Educational Quality and Student Welfare Statement

The Higher Education Colleges Association (HECA) is dedicated to ensuring an ethos of quality among its members and in setting and maintaining world class standards in its member institutions.

This ethos is manifest in and extends to all aspects of:

    • The quality and level of the courses provided
    • The quality of course delivery
    • The quality and fairness of assessment
    • The quality of student support
    • The quality of facilities and student resources
    • The quality of opportunity
    • The quality of redress
    • (i.e. the quality of protection of students’ financial outlay – bonding of fees – and the quality of opportunity to continue studying in another member college in the event of closure of the original college of enrolment – bonding of courses)

Each member college has quality policies and procedures approved by the various accrediting bodies whose courses they deliver. Members treat their fee paying students as customers and provide a high level of customer care.

Dublin Business School/Higher Education Colleges Association
Submission on the Development of a new National Skills Strategy


Theme 1:         Developing relevant skills

Relevant Skills

      1. What do you consider to be the relevant skills for development in the period to 2025?

The sustainable growth and prosperity of the national economy as we continue to show significant recovery from the national and global economic crisis which was experienced over the last number of years will be dependent upon developing relevant skills.
A clear focus on the emerging growth sectors of the economy such as ICT, Financial Services,  Retail, Hospitality and Tourism and the re-emerging Construction industry.  In some of these sectors there are global skills shortages so we will be competing with other countries for labour talent.  For example, the areas of Computer Science/Engineering, Business Intelligence and analytics, digital marketing and analytics are all areas which require development.

      1. Do we have the right mix of initiatives to deliver the future needs of enterprise, the economy and society?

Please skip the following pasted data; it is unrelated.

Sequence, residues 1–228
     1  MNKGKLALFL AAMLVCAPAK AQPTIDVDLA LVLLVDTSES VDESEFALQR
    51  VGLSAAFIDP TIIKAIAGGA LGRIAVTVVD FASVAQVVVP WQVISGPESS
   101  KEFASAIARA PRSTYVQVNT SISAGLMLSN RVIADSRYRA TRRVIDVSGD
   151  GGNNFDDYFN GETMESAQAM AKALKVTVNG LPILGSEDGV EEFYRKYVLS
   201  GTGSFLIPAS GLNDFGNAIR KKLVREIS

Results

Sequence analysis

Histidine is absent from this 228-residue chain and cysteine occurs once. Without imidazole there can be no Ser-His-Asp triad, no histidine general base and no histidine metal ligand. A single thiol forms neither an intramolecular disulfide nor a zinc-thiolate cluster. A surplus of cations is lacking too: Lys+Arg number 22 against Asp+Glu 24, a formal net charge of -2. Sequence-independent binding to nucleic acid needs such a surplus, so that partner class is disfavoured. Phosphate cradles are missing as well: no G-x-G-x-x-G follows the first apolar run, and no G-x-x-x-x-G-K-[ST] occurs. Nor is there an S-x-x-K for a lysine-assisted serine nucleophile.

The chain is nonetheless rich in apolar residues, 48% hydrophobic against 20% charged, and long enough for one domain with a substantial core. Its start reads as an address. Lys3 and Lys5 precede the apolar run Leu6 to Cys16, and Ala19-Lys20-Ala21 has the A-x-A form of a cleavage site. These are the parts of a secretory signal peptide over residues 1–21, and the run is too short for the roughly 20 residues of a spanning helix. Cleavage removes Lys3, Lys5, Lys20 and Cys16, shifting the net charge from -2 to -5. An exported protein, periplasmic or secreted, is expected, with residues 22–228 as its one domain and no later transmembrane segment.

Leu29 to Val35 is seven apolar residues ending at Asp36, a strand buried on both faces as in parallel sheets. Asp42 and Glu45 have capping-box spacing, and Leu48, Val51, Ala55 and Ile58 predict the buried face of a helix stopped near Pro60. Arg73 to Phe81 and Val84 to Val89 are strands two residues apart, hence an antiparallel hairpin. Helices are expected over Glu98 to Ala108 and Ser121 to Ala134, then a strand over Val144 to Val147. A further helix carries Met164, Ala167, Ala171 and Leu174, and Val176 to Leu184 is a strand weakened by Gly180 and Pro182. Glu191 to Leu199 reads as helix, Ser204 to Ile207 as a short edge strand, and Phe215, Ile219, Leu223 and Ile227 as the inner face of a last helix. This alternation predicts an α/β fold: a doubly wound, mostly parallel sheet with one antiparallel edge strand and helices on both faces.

This is a difficult question to answer.  There have been a lot of successful initiatives taken over the last number of years.  For example the Springboard Plus national initiative has been instrumental in addressing the high levels of unemployment which the country experienced.

The critical aspect of the overall initiative is to establish sustainability of the effort with clear goals and objectives to be achieved as part of the plan.  This will require the integration of short term measures into the medium term plan with regular review and monitoring of goals and objectives achievement.

From the Dublin Business School and Higher Education Colleges  Association perspective our experience in retraining, upskilling, converting and developing new skills for learners has indicated that a range of initiatives need to be developed as part of the strategy which focus on the different elements, timelines, sectors learners/participants, employers and stakeholders to whose interests and requirements it is trying to address.

For example initiatives are required for:

      1. Conversion of talent and people to emerging economic growth sectors
      2. Continued training and updating of the existing workforce.
      3. Development and delivery of training and skills programmes for the ‘yet to emerge’ talent sector.

The above requires immediate as well as sustainable medium and long term investment in resources if it is to lead to successful outcomes.

(iii) How can employers and education and training providers work more effectively to identify and address skills needs and ensure the“work readiness” of learners?

There are a number of responses that could be made to this question.  Obviously more engagement and consultation in the short, medium and longer term aspects of the strategy from all stakeholders is desirable.

The management of the “tension” between stakeholders which exists for example, between the terms training and skills on the one hand and education on the other is also a critical area which requires ongoing engagement.

From a Dublin Business School and Higher Education Colleges Association perspective, we have taken an industry led and informed approach to the initiatives we have undertaken while ensuring that all higher education academic standards are being maintained in the process.

Measurement and standards